A Clean Tech Case Study

Policy - - Contents - Karen Ham­berg

Canada’s clean tech­nol­ogy sec­tor is near­ing a tip­ping point that will tilt it to­ward trans­for­ma­tive, sec­tor-wide crit­i­cal mass, but we need more made-in-Canada clean tech­nol­ogy suc­cess sto­ries to grow and scale-up. How do we get there? As many lead­ers in gov­ern­ment and the pri­vate sec­tor can at­test, money is only part of the for­mula for a break­through.

In a re­cent let­ter to Canada’s first min­is­ters signed by more than 100 busi­ness and civil so­ci­ety lead­ers that com­prise the Smart Pros­per­ity Ini­tia­tive, the gaunt­let was thrown down for noth­ing short of a home­grown clean tech­nol­ogy revo­lu­tion. “Tar­geted pub­lic funds are needed to spur break­through clean tech­nol­ogy re­search, de­vel­op­ment and de­ploy­ment across all sec­tors, lev­er­ag­ing pri­vate cap­i­tal,” the let­ter de­clared. It’s a call to ac­tion these min­is­ters would ig­nore at their peril, given that its sig­na­to­ries in­cluded the Busi­ness Coun­cil of Canada’s John Man­ley, NRS­tor’s An­nette Ver­schuren and McKin­sey’s Do­minic Bar­ton—the lat­ter the chair of the Prime Min­is­ter’s Ad­vi­sory Coun­cil on Eco­nomic Growth.

In­deed, the Gov­ern­ment of Canada has re­sponded in kind. The Pan-Cana­dian Frame­work on Clean Growth and Cli­mate Change in­cluded rec­om­men­da­tions for new ac­tion to sup­port the clean tech­nol­ogy sec­tor and ad­vance the com­mer­cial­iza­tion of clean tech­nolo­gies. The Trudeau gov­ern­ment stepped up, turn­ing words into ac­tion by set­ting aside $2.3 bil­lion for in­vest­ments in clean tech­nol­ogy with match­ing tools and new man­dates for es­tab­lished fund­ing part­ners in­clud­ing the Busi­ness De­vel­op­ment Bank ($950 mil­lion), Ex­port De­vel­op­ment Canada ($450 mil­lion), and Sus­tain­able De­vel­op­ment Tech­nol­ogy Canada ($400 mil­lion). With po­lit­i­cal will and cap­i­tal firmly in place, it would ap­pear that Canada is well po­si­tioned for a break­through to tran­si­tion to a low car­bon econ­omy via the cre­ation of high-skill, high-wage, knowledge-based jobs in a rapidly grow­ing clean tech­nol­ogy sec­tor. But we are still very much at the starting gate to ful­fill our prom­ise, achieve crit­i­cal pol­icy ob­jec­tives, and de­ploy made-in-Canada clean tech­nol­ogy in a ma­te­rial way to di­ver­sify our econ­omy. Canada’s in­no­va­tion strat­egy has slowly shifted from ideas and star­tups to mar­ket cre­ation and scale-up. We have funded many promis­ing clean tech­nolo­gies to vary­ing de­grees of suc­cess, re­sult­ing in a di­verse ecosys­tem of com­pa­nies at dif­fer­ent stages of their de­vel­op­ment cy­cle. Canada fea­tures a hand­ful of mar­ket lead­ers who have com­mer­cial­ized prod­uct glob­ally and man­aged to scale-up. We also have a larger num­ber in the pre-com­mer­cial­iza­tion stage with promis­ing tech­nolo­gies, and many more start-ups pur­su­ing dis­rup­tive tech­nolo­gies that we need to keep a close watch on.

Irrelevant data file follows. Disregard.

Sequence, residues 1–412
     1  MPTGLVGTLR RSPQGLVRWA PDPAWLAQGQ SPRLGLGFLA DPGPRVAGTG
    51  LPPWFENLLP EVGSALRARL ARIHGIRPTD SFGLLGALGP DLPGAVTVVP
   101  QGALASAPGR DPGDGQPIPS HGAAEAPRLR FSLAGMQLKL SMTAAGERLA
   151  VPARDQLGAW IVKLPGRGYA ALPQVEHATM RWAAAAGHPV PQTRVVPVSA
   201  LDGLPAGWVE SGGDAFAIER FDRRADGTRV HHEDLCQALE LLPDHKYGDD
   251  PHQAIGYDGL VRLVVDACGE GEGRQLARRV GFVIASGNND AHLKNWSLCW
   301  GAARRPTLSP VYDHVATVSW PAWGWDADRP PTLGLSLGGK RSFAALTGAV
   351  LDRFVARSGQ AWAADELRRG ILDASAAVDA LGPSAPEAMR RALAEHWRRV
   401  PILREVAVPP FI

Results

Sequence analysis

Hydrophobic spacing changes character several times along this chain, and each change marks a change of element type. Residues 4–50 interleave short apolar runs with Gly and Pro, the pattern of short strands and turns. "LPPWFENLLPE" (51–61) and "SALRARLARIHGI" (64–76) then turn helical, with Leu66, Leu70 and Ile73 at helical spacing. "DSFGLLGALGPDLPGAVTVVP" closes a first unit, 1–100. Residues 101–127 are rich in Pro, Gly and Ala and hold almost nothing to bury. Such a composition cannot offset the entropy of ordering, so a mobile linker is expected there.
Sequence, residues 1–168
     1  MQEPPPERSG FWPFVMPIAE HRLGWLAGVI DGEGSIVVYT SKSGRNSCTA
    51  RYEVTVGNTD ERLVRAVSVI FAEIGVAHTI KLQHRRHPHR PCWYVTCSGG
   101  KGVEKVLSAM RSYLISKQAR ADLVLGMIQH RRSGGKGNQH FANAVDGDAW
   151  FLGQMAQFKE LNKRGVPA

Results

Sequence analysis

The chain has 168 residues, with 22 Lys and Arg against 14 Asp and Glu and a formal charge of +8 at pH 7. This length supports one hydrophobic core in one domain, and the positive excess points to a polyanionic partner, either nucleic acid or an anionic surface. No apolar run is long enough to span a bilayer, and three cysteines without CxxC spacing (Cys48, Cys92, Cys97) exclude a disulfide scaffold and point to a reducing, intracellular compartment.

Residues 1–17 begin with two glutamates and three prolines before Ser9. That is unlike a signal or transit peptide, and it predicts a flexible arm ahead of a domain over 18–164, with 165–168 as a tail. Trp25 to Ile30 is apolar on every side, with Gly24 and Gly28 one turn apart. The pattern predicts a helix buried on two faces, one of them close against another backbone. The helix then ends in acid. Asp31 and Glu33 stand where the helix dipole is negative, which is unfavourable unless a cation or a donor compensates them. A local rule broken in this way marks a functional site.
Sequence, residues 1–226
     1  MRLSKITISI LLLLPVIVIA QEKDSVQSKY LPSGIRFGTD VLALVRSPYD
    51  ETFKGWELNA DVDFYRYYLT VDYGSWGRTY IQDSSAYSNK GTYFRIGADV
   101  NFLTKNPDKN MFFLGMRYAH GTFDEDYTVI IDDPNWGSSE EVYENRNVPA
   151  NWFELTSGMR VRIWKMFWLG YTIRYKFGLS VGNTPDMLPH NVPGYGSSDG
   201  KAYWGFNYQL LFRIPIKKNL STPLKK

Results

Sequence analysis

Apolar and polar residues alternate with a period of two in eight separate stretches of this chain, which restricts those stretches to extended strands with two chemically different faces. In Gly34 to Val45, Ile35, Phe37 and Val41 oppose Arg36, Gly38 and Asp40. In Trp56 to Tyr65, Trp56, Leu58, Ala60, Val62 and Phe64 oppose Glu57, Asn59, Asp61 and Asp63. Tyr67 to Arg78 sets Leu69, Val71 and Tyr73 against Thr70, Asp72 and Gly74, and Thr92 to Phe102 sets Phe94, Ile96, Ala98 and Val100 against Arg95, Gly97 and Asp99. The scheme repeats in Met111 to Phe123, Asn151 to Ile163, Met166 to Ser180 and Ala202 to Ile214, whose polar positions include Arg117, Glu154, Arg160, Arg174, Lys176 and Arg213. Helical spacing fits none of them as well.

To the credit of the cur­rent gov­ern­ment, there is wide­spread recog­ni­tion that we have an op­por­tu­nity to con­tinue to not only in­vest in but ac­tively sup­port com­pa­nies in the clean tech­nol­ogy sec­tor. We need a lot more of our made-in-Canada clean tech­nol­ogy suc­cess sto­ries to grow and scale-up. This will in turn lead to a much more ma­ture sec­tor, re­flected in com­mer­cial­ized prod­uct, es­tab­lished sales, rev­enue, prof­itabil­ity, mar­ket share, and a com­pelling size of the prize. But how do we get there? As many lead­ers in gov­ern­ment and the pri­vate sec­tor can at­test, money is only part of the for­mula to drive change and growth.

There is a com­plex re­la­tion­ship be­tween reg­u­la­tion and in­no­va­tion, and the chal­lenge of tech­nol­ogy ad­vance­ments out­pac­ing cur­rent reg­u­la­tory frame­works is well doc­u­mented. There are many ex­am­ples of the ways inefficient reg­u­la­tions can block in­no­va­tion, stran­gle the flow of cap­i­tal, and re­in­force a sta­tus quo that doesn’t al­low com­pa­nies with new tech­nol­ogy so­lu­tions to emerge as mar­kets de­mand.

Stake­hold­ers from the Gov­ern­ment of Canada’s six Eco­nomic Strat­egy

We are still very much at the starting gate to ful­fill our prom­ise, achieve crit­i­cal pol­icy ob­jec­tives, and de­ploy made-in-Canada clean tech­nol­ogy in a ma­te­rial way to di­ver­sify our econ­omy.

Ta­bles have spent the sum­mer fi­nal­iz­ing their chap­ters and re­fin­ing the sig­na­ture rec­om­men­da­tions spe­cific to their sec­tors. I had the priv­i­lege of serv­ing on the Clean Tech­nol­ogy Eco­nomic Strat­egy Ta­ble for the past nine months. This ta­ble, along with those fo­cused on re­sources for the fu­ture, ad­vanced man­u­fac­tur­ing, agri­food, health/bio­sciences, and dig­i­tal in­dus­tries were wisely cho­sen for a key rea­son; their abil­ity to trans­form our econ­omy. How­ever, it is not sur­pris­ing that there is an emerg­ing con­sen­sus among them that reg­u­la­tory chal­lenges rep­re­sent the most sig­nif­i­cant road­block to ac­com­plish­ing that very trans­for­ma­tion.

For many Cana­dian busi­nesses, the reper­cus­sions of these reg­u­la­tory road­blocks only come into fo­cus when they im­pede real-world mar­ket op­por­tu­ni­ties. At West­port Fuel Sys­tems, we have learned just how dif­fi­cult it can be to nav­i­gate a reg­u­la­tory en­vi­ron­ment that wasn’t de­signed to ac­com­mo­date new tech­nolo­gies in ex­ist­ing frame­works.